The enchanted island rose before me, drawn
More beautiful than words of mine may reach;
It lay magnificent in a magic dawn,
And full of boscage to the foam-fringed beach.
How well the city of the sons of knowledge
Stood, giving pleasant prospect to the sea!
The fabulous and fancied island college
Unfabled and unfancied grew for me.
In secret conclave of a sea so vast-
Earth’s widest wilderness of waves ring’d round-
No mariner ever caught from any mast
A glimpse or inkling of that happy ground.
Yet now (such fair adventure did I win!)
That I could see and hear whate’er of state
Or thought, or work or worship, was within
That Muse-discovered island Fortunate!
I saw the House of Solomon strongly stand,
No fane so noble springs from any sod;
The oracle and lanthorn of the land,
Where Nature is the interpreter of God.
The College of the Six Days’ Work well called,
Whence traders issue-not for gain or might,
For gold or silk, for spice or emerald-
Only for God’s first creature, which is light.
I saw the masters of the speech and pen,
Those cunning in the secret cause of things;
Whose aspect was as if they pitied men-
A temperate race, a commonwealth of kings.
And, reverencing self, each soul was great,
And, reverencing God, to each was brought
With long calm striving strength inviolate,
With virgin purity victorious thought.
Being such they scorn the mob’s vain fierce desires
Whereof coherent reading may not be,
Like the wild message interrupted wires
Send in magnetic storms below the sea.
Yet deem’d I ‘Something wants where all is fair,’
I sigh’d, ‘Man doth not live alone by bread’-
‘What of the higher life, whose breath is prayer?
What of the touch of sacraments?’ I said.
Behold! a chime of bells rang toward the east,
To a cathedral moved a white-robed host,
And of the wisest each man was a priest,
And broadest brows were those that brighten’d most.
Within, i’ the midst, was a scroll clasp’d with gold,
And one stood forth of look more sweet than strong,
And (for the day was festival) he told
‘The Finding of the Book’ in measured song.
‘One eve like this, a thousand years ago,
Our merchantmen of light were weary grown;
Wise men are strong, but for the strong ’tis woe
To know the holiest of truth unknown.
‘And then through all the cloister’d aisles of beech,
The fluted stems from whence the builder learns,
There passed a softer breath than any speech-
A dying light stream’d in ward on the ferns.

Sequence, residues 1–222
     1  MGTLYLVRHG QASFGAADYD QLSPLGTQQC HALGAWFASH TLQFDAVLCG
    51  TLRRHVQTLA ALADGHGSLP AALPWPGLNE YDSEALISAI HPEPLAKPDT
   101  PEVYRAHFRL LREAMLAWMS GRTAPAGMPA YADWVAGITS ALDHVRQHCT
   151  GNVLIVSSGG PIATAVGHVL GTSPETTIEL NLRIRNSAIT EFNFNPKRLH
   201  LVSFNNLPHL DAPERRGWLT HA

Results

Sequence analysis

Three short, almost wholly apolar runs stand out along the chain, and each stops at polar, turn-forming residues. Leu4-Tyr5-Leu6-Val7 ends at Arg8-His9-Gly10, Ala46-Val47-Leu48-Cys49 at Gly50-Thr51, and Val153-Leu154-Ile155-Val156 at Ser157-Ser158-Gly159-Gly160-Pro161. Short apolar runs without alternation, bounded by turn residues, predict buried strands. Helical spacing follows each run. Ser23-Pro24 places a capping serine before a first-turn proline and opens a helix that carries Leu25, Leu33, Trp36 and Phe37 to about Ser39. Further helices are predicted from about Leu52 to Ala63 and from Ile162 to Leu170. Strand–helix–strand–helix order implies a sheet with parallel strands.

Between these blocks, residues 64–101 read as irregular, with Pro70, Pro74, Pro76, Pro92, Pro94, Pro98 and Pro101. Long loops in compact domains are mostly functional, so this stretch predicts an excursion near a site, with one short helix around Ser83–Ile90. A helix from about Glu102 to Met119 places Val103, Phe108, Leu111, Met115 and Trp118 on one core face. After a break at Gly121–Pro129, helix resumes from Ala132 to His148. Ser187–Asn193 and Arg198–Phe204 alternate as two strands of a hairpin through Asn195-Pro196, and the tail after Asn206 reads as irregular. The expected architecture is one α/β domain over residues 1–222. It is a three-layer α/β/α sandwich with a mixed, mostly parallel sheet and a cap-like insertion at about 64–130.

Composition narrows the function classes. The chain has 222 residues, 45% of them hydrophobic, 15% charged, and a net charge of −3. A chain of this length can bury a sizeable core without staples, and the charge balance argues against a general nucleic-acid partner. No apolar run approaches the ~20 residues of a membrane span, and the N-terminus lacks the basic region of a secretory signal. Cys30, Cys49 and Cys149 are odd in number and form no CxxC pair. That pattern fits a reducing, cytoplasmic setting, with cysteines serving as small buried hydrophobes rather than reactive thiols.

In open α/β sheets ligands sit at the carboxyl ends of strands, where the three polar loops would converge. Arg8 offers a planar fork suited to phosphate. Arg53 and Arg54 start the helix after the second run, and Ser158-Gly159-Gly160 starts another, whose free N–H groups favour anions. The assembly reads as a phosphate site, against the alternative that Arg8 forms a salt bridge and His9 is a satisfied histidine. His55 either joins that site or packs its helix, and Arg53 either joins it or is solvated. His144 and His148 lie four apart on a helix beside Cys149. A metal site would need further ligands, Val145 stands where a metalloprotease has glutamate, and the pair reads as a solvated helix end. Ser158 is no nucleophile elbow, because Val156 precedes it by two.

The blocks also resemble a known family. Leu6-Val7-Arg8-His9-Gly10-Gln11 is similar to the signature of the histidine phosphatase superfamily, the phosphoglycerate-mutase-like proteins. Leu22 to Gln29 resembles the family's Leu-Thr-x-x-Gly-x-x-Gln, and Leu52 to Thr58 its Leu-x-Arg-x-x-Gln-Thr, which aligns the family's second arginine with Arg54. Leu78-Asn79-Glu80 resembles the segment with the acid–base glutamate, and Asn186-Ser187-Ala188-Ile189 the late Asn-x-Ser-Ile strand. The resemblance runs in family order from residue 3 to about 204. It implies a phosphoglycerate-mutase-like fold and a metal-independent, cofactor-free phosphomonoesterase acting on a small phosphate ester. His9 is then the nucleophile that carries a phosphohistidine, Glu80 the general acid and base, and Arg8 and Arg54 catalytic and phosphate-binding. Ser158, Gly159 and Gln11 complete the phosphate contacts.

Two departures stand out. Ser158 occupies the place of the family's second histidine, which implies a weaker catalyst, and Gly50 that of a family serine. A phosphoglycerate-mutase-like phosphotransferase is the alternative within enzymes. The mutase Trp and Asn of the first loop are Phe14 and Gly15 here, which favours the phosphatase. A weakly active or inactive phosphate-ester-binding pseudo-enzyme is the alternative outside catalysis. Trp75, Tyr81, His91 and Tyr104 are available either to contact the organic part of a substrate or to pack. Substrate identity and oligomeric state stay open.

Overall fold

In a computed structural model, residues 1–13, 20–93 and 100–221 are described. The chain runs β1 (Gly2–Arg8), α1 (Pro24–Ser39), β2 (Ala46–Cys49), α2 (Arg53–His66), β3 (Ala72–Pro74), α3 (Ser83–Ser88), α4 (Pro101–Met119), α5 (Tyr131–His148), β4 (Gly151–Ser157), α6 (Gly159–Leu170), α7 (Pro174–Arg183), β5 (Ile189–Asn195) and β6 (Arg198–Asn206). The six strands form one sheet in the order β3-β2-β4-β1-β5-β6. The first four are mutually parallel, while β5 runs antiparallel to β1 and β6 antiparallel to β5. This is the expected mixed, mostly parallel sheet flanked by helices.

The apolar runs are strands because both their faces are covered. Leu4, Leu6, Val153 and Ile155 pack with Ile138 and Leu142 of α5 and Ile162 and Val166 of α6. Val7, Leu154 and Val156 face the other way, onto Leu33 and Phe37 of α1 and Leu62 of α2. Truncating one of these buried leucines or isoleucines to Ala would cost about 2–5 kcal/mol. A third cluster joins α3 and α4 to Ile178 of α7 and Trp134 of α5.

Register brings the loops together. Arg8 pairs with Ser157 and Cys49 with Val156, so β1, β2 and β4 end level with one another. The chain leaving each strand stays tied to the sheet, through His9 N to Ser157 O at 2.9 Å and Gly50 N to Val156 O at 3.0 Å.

‘Those trees stand waiting through the silent years,
Expecting some one who doth never come;
So sternly happy over human tears,
To human words so eloquently dumb.
‘They wait some song that winters never sing,
Some summer blue that eye hath never seen,
The far-off footfall of some spellbound spring,
That lingers unimaginably green.
‘But through them passed that eve a mystic breath,
A hint from God to all their leaves was given,
Some inarticulate news of life and death,
The anticipation of some gift from Heaven.
‘And when the sun had sunk, and the night was
Cloudy and calm, some mile into the sea
Upon our eastern coast it came to pass
A light unspeakable hover’d far a-lee.
‘There sail’d a pillar from some shore unknown,
Pillar with cross atop, and both of light;
And all the ocean hush’d its stormy tone,
And awe was on the azure infinite.
‘The throng upon the strand made not a stir,
But boats put forth to see the lights divine,
And the crews stood as in a theatre,
Beholding this, as if a heavenly sign.
‘And after prayer, the wisest of our wise
Toward the pillar rowed with muffled oar,
Half fear’d that at one sound beneath the skies
The delicate dream might fade for evermore.
‘When, as the boat drew near, its crew much awed,
The moon being partly hid by pearly bars,
Pillar and cross did cast themselves abroad
Into a firmament of many stars.
‘What ark was that? How chanced it on the tide?
No gallant ship upon the ocean rode,
No lights were lit the mariners to guide,
On pencill’d spars no sail was moon-besnow’d.
‘Sole there remained that tiny cedar ark,
Wherefrom there grew one small green branch of palm,
Which open’d, nothing but the Book they mark,
Wherein is written every holy Psalm;
‘And all the histories of the Hebrew years,
And all the treasury of soul-complaints,
And all the dim magnificence of seers,
And all the sighs and silences of saints,